For Gandhi of Raghu Precision Engineering, demonetisation meant toting up losses for four months or so because the orders for the auto parts he makes dried up. “There was no cash. We cut costs. We had to lay off 10 per cent of the staff against our wishes,” he recalled. While Gandhi too welcomed GST, he wasn’t as effusive about it as Mangla. “The orders fell by about 30 per cent because the market knew GST was coming. Our buyers wanted to clear out the stocks they held and not add to them. Even now, my main issue is the cumbersome process involved in filing GST returns. I had two options. Purchase the software or engage chartered accountants. I chose the latter,” he said.
How will the conversion from the old to the new affect political preferences? One of those spoken to was candid, off record. “No question, we will vote the BJP (Bharatiya Janata Party). We have no confidence in the Congress’s leadership because it is confused about economic fundamentals,” he said.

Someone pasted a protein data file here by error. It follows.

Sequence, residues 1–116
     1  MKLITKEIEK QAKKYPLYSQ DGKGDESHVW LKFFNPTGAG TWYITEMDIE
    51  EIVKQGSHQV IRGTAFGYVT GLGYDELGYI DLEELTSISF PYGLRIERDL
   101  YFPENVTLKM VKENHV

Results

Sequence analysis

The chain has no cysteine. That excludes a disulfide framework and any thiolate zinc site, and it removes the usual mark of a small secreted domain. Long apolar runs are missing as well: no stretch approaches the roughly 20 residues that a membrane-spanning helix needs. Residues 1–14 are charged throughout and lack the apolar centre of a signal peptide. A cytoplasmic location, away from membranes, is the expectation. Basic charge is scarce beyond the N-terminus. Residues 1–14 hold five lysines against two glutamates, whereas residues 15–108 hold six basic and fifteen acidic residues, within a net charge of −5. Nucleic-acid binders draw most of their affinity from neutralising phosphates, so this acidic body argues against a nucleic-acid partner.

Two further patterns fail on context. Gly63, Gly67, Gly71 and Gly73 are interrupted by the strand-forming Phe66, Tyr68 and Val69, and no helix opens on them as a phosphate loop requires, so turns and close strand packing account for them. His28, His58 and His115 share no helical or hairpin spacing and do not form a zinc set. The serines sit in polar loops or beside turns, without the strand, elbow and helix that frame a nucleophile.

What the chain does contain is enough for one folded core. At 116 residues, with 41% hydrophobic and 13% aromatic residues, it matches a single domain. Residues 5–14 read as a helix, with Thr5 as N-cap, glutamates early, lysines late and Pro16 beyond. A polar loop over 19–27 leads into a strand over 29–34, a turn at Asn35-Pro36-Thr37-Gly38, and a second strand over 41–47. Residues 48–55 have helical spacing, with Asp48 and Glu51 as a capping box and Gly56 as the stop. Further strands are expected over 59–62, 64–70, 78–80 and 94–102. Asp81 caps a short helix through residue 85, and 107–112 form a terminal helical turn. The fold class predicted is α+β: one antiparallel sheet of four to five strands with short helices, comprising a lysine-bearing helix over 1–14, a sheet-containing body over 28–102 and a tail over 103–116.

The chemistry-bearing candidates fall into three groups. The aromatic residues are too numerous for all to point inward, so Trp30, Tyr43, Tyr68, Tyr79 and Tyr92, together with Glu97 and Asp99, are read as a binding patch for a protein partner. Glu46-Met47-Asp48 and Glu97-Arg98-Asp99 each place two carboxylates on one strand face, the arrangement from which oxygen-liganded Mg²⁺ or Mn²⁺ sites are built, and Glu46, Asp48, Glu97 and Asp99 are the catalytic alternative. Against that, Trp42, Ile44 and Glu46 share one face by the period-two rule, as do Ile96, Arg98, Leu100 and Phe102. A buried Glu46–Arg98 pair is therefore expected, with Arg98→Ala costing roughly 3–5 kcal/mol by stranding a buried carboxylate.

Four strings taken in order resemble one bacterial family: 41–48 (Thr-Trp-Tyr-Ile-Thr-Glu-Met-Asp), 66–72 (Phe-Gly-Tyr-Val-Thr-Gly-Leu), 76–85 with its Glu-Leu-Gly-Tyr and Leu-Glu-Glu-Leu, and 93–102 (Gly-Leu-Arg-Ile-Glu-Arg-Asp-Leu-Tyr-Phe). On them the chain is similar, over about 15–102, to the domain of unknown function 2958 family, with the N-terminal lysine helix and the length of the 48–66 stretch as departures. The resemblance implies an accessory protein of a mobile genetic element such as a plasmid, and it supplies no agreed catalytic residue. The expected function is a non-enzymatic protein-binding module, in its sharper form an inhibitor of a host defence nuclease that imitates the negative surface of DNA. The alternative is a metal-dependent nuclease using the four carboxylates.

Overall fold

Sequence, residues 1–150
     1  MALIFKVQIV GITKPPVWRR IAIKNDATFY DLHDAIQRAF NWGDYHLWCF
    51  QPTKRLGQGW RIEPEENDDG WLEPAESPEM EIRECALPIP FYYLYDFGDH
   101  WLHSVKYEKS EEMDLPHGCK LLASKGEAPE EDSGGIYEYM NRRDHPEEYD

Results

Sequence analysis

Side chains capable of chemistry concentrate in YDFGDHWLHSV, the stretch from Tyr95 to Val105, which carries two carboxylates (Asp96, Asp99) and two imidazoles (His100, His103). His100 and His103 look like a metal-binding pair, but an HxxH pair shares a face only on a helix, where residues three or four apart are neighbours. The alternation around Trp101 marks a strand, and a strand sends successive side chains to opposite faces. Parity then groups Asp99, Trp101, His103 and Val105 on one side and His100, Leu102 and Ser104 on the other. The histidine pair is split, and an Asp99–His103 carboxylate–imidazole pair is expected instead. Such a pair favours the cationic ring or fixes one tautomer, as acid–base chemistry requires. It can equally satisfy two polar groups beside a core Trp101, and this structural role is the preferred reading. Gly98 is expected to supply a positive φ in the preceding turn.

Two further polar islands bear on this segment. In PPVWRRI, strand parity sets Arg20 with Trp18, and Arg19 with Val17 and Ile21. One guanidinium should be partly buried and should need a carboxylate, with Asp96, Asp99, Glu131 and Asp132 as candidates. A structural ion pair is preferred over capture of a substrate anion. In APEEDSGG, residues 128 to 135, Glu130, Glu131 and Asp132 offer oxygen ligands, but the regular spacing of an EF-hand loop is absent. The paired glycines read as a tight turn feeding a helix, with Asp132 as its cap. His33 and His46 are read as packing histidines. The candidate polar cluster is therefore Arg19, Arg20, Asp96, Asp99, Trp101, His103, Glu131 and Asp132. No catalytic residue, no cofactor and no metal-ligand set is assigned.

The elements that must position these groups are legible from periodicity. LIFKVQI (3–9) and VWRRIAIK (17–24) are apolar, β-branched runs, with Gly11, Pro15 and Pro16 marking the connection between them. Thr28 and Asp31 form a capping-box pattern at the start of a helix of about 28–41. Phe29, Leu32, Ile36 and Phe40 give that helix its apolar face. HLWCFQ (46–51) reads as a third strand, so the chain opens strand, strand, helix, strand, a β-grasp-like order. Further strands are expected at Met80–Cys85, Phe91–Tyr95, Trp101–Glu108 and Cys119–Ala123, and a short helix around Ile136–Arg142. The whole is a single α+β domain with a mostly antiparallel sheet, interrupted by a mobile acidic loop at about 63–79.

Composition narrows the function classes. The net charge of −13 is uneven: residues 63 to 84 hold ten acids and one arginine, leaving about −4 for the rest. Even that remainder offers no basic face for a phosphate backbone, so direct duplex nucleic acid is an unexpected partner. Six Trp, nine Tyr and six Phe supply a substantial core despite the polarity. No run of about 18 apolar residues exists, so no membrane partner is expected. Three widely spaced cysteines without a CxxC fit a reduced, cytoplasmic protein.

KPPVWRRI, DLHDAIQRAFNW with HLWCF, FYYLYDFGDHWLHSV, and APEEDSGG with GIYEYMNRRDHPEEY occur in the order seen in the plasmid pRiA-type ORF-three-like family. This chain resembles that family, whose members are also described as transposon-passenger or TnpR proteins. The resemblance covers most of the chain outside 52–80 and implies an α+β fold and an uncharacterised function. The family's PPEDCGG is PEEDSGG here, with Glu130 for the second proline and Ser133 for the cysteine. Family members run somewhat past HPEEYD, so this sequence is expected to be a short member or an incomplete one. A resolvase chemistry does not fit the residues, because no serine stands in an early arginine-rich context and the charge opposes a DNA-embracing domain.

In Indore’s commercial hubs, Rajwada and Sarafa Bazar, the mood swung from optimism to despondency. Optimism about GST and demonetisation ushering in fiscal integrity and hope that the taxes in the kitty of the states and the Centre will be “distributed uniformly” among all classes and not funnelled into bankrolling populism.
Pradeep Kumar, the owner of a garment shop, said, “Both the policies are the perfect antidote to checking ‘do number ka dhanda’ (illegal trade). We want everything from the government, roads, subsidised power and water, education, health but when the government wants something in return from us, why the noise? We want to steal but this can’t go on forever.”
At Milan Jewels, owned by Shyam Soni, there’s not one customer at peak buying hour. Yet he’s not pessimistic. “Problems are inevitable with changes. I know my CA is taking undue advantage of my ignorance about GST. I have to file monthly returns instead of every three months. Yet, I am looking towards the future, my grandsons and great grandsons. The new generation hates the practices we adopted for decades. I believe the BJP and Narendra Modi rightly felt their pulse,” he said.
A few outlets away, hopelessness loomed large over Subhash Soni’s face. He wound up the family trade of making ornaments, will dispose whatever’s left, board up and return to Agra, his home town. “There were hardly any orders this Diwali. That’s when the harsh reality of GST and note ‘bandi’ hit me. I am a ‘pukka’ BJP-wallah. But this time God help the BJP. We are sceptical about the Congress so the options are using NOTA or staying at home,” said Soni.